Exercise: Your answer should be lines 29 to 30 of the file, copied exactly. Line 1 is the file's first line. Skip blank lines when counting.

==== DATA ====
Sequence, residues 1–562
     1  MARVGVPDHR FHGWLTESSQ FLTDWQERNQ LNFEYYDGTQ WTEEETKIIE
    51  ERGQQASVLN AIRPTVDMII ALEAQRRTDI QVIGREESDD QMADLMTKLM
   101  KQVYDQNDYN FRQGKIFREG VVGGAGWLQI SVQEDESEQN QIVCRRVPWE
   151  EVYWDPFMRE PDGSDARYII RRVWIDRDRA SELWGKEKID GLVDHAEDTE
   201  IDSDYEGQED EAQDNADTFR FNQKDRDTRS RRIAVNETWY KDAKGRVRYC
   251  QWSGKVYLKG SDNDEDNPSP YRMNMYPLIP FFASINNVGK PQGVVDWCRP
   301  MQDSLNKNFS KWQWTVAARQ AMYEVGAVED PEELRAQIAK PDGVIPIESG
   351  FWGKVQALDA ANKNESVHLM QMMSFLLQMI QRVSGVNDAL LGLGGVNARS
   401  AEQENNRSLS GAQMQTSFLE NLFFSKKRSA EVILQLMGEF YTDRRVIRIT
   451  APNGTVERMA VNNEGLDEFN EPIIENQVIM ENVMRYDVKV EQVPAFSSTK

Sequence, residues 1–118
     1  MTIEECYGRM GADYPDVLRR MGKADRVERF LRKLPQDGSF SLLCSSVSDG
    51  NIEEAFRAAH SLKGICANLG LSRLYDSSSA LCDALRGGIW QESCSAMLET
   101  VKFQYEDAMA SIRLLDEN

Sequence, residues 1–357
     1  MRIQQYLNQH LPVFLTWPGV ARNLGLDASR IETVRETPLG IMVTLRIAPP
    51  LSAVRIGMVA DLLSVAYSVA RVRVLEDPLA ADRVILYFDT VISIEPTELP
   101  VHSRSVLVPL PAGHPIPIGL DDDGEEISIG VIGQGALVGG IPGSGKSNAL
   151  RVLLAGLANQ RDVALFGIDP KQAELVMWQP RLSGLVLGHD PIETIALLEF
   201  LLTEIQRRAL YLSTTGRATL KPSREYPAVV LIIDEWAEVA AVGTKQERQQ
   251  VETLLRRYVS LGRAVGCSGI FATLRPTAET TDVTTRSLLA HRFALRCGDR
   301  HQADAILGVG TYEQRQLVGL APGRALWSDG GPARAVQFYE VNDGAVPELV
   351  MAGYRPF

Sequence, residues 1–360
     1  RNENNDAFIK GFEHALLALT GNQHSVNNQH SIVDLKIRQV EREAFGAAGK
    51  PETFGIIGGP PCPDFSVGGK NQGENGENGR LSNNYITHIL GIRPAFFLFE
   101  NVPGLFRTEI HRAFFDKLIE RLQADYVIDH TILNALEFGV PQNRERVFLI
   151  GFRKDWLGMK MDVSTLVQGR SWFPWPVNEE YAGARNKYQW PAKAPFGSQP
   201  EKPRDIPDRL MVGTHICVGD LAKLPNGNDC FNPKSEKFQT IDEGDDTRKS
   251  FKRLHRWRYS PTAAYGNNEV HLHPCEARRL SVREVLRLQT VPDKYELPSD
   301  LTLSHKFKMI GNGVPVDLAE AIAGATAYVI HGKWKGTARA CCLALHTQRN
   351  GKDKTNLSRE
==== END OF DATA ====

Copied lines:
   151  GFRKDWLGMK MDVSTLVQGR SWFPWPVNEE YAGARNKYQW PAKAPFGSQP
   201  EKPRDIPDRL MVGTHICVGD LAKLPNGNDC FNPKSEKFQT IDEGDDTRKS